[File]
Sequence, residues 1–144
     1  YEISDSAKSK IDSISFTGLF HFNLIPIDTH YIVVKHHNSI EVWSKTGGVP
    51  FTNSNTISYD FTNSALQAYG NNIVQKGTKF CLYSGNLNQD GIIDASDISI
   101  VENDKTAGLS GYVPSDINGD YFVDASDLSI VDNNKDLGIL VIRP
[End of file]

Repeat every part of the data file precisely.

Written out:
Sequence, residues 1–144
     1  YEISDSAKSK IDSISFTGLF HFNLIPIDTH YIVVKHHNSI EVWSKTGGVP
    51  FTNSNTISYD FTNSALQAYG NNIVQKGTKF CLYSGNLNQD GIIDASDISI
   101  VENDKTAGLS GYVPSDINGD YFVDASDLSI VDNNKDLGIL VIRP